Monthly Archives: August 2017

Let’s Love Hood Girls Who Aren’t Famous as Much as We Love Cardi B

It’s time for us all to admit that our beloved Cardi B is a national treasure and will save a nation. But it’s also time to reckon with the fact that our rightful adoration for Cardi B reveals a troubling truth: We dismiss, denigrate and force white-appeasing standards on black and Latinx women like her every day, then pretend to love them when they achieve fame.

To be clear, my love for Cardi B knows no bounds. Last month I went to the club for a night of drinks, dancing and hookah-smoking with a few close friends. This wasn’t an unusual weekly tradition, but we always made an experience out of it: pregame and a night out in our best outfits, followed by a night of the greasiest food known to humankind. As luck would have it, the moment we stepped out of the car and into the club, Cardi B’s “Bodak Yellow (Money Moves)” was glaring from the speakers. It was as if God herself were blessing us from the high heavens.

Read the full article on The Root.

If Black Gay Men on TV Were All Masculine ‘Professionals,’ Would We Still Care About Diversity?

On modern-day reality-television shows, audiences often bear witness to stereotypical, one-dimensional representations of black queer men. From the iconic Miss J. Alexander on America’s Next Top Model to the frequent appearances on Real Housewives of Atlanta and even Love & Hip Hop, we have often seen narrow depictions of the black male queer experience: divas applying makeup, giving someone a blowout or teaching young women how to model.

In the op-ed “Do You Understand Me? Black Gay Men Are More Than What You See On TV” last month, writer Tim Pulliam made a scathing critique: “[T]his imagery of the gay man represents only part of the community, which ultimately misleads and provides a false, damaging perception to the general public of what it means to be Black and LGBT.”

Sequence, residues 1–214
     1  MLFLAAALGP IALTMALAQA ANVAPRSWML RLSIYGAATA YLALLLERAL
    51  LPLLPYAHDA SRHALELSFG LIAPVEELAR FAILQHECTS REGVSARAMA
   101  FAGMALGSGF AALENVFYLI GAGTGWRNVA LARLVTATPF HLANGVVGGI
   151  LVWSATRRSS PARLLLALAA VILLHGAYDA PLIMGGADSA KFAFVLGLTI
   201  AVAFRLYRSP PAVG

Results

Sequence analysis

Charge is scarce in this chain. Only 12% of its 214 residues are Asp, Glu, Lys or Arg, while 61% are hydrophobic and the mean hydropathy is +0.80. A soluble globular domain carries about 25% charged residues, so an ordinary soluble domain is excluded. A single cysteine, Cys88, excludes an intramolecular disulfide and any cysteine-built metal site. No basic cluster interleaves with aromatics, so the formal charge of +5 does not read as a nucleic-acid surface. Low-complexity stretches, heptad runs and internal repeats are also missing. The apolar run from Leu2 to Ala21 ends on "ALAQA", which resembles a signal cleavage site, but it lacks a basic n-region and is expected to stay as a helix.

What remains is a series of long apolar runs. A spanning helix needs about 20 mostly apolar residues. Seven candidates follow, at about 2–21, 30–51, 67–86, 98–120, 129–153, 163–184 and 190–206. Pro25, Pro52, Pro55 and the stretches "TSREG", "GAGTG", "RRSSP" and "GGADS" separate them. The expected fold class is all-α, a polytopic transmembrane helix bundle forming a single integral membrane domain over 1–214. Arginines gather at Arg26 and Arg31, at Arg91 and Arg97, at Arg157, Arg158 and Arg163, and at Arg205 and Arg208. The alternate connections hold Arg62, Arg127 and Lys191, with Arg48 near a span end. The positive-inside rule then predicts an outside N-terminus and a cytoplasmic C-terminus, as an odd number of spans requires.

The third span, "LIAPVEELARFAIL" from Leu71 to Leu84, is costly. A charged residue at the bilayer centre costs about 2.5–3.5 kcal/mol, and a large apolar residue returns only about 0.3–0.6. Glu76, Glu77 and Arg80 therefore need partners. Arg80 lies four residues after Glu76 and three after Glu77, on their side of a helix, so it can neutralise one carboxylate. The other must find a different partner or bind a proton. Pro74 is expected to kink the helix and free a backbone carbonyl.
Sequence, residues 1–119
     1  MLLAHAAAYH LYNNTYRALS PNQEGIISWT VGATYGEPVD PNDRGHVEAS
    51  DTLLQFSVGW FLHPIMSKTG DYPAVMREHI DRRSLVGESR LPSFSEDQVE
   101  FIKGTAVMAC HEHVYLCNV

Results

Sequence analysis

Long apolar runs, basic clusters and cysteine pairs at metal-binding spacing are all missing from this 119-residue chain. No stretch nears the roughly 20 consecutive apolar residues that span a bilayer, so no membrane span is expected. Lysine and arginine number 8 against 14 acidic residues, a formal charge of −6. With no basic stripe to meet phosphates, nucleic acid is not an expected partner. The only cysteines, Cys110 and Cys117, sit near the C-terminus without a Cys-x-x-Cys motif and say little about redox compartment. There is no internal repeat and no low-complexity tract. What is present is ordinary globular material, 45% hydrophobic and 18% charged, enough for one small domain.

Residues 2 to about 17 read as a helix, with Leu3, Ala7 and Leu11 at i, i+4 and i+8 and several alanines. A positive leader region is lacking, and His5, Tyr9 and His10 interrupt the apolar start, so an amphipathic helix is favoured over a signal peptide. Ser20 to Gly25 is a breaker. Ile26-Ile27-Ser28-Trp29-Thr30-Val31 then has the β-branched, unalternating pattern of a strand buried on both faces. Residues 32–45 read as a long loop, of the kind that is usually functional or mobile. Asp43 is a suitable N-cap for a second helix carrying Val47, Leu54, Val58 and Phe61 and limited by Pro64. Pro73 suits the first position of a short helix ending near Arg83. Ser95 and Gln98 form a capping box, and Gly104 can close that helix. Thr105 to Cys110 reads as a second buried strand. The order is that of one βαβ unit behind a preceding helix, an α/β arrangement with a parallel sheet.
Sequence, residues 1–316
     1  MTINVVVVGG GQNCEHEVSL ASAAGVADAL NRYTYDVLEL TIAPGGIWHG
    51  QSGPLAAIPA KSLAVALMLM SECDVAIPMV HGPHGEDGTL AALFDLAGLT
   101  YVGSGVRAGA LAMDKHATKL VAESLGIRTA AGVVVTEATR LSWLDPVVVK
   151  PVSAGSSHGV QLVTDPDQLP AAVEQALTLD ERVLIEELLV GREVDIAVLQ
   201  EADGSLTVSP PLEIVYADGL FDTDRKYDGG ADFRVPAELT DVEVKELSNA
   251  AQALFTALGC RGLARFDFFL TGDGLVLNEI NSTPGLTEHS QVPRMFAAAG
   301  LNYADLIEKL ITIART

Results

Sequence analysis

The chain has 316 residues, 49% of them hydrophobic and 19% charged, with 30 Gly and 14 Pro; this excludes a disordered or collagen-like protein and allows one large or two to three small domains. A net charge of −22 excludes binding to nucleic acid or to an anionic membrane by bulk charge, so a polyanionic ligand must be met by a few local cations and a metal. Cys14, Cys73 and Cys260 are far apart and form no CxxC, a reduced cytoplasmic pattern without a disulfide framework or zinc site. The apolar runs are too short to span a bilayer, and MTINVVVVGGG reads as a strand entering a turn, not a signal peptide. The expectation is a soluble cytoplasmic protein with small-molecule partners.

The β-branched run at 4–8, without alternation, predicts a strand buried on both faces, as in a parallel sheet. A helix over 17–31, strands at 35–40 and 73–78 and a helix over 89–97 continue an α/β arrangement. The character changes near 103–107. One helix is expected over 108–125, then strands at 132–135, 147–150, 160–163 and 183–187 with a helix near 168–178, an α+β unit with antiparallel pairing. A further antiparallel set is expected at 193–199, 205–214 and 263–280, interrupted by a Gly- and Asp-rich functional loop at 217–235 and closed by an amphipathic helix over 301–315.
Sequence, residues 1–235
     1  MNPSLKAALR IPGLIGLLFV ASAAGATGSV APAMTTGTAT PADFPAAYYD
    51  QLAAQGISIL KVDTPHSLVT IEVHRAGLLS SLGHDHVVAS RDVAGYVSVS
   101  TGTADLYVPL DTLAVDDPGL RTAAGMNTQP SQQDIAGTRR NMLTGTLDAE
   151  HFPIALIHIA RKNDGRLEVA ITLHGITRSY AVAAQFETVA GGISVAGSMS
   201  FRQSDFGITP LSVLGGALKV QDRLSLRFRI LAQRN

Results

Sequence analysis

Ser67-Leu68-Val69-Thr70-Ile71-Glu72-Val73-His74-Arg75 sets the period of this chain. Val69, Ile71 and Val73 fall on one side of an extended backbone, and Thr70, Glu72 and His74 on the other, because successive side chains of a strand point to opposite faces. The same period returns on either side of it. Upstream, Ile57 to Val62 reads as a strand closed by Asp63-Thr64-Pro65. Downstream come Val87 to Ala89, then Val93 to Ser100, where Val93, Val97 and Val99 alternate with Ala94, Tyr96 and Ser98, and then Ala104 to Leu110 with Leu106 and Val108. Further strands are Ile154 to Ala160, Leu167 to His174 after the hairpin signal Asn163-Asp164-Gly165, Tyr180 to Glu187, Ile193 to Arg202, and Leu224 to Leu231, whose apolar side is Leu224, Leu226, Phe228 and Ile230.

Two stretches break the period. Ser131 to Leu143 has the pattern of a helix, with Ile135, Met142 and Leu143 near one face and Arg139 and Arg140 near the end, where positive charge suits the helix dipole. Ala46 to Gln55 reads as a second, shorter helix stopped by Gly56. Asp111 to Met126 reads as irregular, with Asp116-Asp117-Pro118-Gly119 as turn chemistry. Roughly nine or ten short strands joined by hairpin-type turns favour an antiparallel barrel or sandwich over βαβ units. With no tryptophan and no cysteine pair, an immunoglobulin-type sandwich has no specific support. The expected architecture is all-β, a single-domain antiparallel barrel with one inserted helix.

Pulliam’s perspective is understandable, though I struggle with the word “damaging” because it implies a perceived danger or detrimental effect that I’m not seeing, and the suggestion of a detriment is dangerous in itself. Further, it places the focus on straight people’s reactions as opposed to black queer people’s lived experiences. That’s not my ministry.

Read the full article on The Root.

We should all be worried about how we’re discussing Usher and herpes

For centuries, Black people have had our bodies exploited, demonized, and then commodified for pecuniary gain. Because of this I must be upfront in the beginning: jokes about Usher, sexually transmitted infections (STI’s), number of partners, and sexual intercourse are moments we should not take lightly and is not a laughing matter.

Living with herpes can lead to stigma, discrimination, and isolation – and it is perpetuated based on unfounded fear and lack of knowledge. In 2014, The Atlantic published “The Overblown Stigma of Genital Herpes” noting how herpes is a common disease and the most debilitating symptoms are shame and isolation. Unfortunately, three years later, this is still an accurate reflection.

Read the full article on The Grio.

The Fact That Bobby Valentino May Not Have Paid a Sex Worker Is a Problem; the Fact That the Sex Worker Is Trans Is Not

On July 31, a transgender sex worker recorded R&B singer Bobby Valentino running out of a room after allegedly not paying for sexual services. Valentino has since denied the accusation and stated, through his representative, “Misrepresentation and deception were maliciously used to target [him]; during the encounter, Valentino was victimized and threatened by acts of extortion, which continued after his departure was captured on video.”

Valentino made sure to note that he was unaware the sex worker was transgender.

For some, this makes sense—many cisgender heterosexual people incorrectly believe that no one would be attracted to a trans person unless they had been “tricked.” Fortunately, many of us know better. We know better because we see cis heterosexual men intentionally targeting trans women for paid and unpaid sexual services in profiles posted online on sites such as Jack’d and Grindr.

Read the full article on The Root.